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|8/31/2000 9:42 PM|
||Help with motorboating?|
Last weekend I had some time, so I decided to rebuild a small Alamo champ-type amp that had been lying around for too long. I wanted to keep it simple, and have the amp done by Sunday night (well, it took me until last night to finally fire it up, but you gotta have a dream, right?)
I poked around in my junk boxes and settled on the following design elements:
- 1 - 12AX7 preamp
- 2 - 6BQ5/EL84 p-p output stage
- OPT is from a 1951 RCA film projector, originally supported 2 – 50L6 in p-p, sec = 4/8/16 ohms
- PT from a ‘50’s record player - originally supported 1 - 6X5, 1- 6V6 & 1 – 6SL7
- SS rectifier (full-wave)
- Interstage Transformer Phase Inverter - pulled from a 1956 Hammond Chord Organ; this was used in the solo voice preamp. The secondary winding was feeding a pair of 6SK7’s in p-p, with the primary winding grounded on one side and connected to the coupling cap of the preamp’s 2nd triode’s plate. The SEC is center-tapped. I chose to use this out of curiosity – I worked on a Gibson GA-5T that used an interstage tranny PI, and really loved the sound it had.
- No NFB loop
- Features: Treble/Bass/Volume (this circuit was copied from a later-period Vox amp schematic – I forget which one now – the last one in the Vox section of Gerry’s 1st book – it’s pretty similar to BF Deluxe tone circuit).
I used a 12g copper buss bar for the main ground, but didn’t have a means to isolate the input jack, so both stages of the 12AX7 are grounded to the input jack. I soldered the AC mains green wire to chassis ground right at the point of entry. I grounded the PI and output stage grounds to the buss bar in order of the signal, with the PT CT tied directly to the (-) terminal of the (100uf/450v) 1st filter, then ran a lead to the where the buss bar is soldered to chassis. The 2nd filter is grounded on the buss bar before the PI sec, but after the PI primary. The OPT sec is grounded to the buss bar between the PI sec and where the bar is soldered to ground. The 3rd filter supplies B+ to the 12AX7, and that is grounded to the input jack. So the entire preamp is grounded through the input jack, and the rest of the amp goes to the buss bar, except the AC mains green wire, which as I said, has it’s own ground solder connection to chassis.
I used a pair of 100-ohm resistors to CT the filament voltage, and referenced the faux-CT to the top of the cathode resistor on the 6BQ5’s.
Anyway, I fired it up last night, and was pleasantly surprised to find that it had a VERY unique sound! Kind of like a Princeton Reverb that stays clean up to 8. The amp seems quite loud and clear into a generic 20-watt 10” ceramic magnet speaker I use for bench tests. In fact, I didn’t know this goofy little speaker could sound this good! The onset of distortion is very smooth, and with my Ibanez Artist small-body, semi-hollow body w/the neck humbucker, it sounded like Larry Carlton’s tone on steroids. This is really a nice little discovery - it sounds great; very unique, ballsy but even-tempered tones. Sounds "potent" - has nice round bass and low-mids through that 10" speaker. Woody without being airy.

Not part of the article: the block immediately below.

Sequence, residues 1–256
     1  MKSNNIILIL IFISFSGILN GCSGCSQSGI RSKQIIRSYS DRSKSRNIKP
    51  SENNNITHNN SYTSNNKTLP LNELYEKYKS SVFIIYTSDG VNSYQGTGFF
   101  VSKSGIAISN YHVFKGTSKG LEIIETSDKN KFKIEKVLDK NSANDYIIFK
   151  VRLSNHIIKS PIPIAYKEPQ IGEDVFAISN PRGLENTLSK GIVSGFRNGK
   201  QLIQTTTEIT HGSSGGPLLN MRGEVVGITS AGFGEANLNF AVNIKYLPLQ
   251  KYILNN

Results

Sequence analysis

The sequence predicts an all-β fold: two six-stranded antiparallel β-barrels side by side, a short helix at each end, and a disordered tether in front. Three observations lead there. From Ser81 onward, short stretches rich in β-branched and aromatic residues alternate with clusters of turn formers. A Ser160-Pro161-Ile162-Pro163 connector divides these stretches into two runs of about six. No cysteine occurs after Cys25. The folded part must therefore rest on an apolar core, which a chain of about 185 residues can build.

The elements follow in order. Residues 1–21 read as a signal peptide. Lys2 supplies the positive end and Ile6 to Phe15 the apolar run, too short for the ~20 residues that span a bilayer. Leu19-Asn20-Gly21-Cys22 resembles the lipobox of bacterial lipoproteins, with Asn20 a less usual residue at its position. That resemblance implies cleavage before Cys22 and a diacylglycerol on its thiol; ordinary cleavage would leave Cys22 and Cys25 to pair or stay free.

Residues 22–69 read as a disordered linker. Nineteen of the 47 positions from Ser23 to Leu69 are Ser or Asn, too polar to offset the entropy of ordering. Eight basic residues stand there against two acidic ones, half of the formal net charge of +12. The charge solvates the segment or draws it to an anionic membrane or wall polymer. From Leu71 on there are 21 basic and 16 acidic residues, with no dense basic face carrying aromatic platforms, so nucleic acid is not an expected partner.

Voltages (from memory):
OPT CT - 390vdc
6BQ5 plates - 387vdc
6BQ5 screens - 385vdc (470-ohm screen resistors)
12AX7 plates - 220vdc (100k Rp - 820-ohm/22uf for both cathodes)
I forget right now wha the voltage was on the 6BQ5 cathodes - I used a 125-ohm 10-watt here, bypassed w/50uf.
There are a few bugs to work out…
- 6.7VAC on the heaters. What do I need here? A pair of .5-ohm series resistors?
- Motorboats when the bass is up past 7-8, and/or when the volume is up around the same setting.
- Spurious audible high-freq “weird ham radio-like sounds – as if a signal were being honed in on like in the old WWII submarine movies? – that whistling, modulating sound?)
- Fairly gnarly hum
I’m hypothesizing that the motor-boating & weird squall noises may have something to do with the fact that due to space limitations, I mounted the interstage PI tranny on the inside of the chassis. Could it be coupling with the preamp signal?
Not sure where to start with the hum, but would getting those heater voltages down help? I was hoping to not have to ream out the input jack hole for isolation purposes, but I may go that route, since everyone touts it as such a tried-and-true method.
I would really appreciate any t-shooting tips any one might offer. I read through RG’s t-shooter’s guide, but the section on motor-boating was somewhat brief.
|8/31/2000 10:22 PM|
I just thought of another possibility re: the motor-boating...
One of the OPT pri plate leads is routed at an angle perpendicular to the PI sec plates leads, and the former is also essentially laying flat on the chassis, BUT it's underneath the PI sec leads, which lay flat on the chassis.
any comments are welcome and appreciated,
|9/1/2000 7:11 AM|
My guess is that the motorboating has to do with the grounding of your tone stack... As for the non-isolated jack, you could just remove it from the chassis and add in a ground wire, just to see if that helps things. (If it does then enlarge the hole so that you can use insulated shoulder washers...)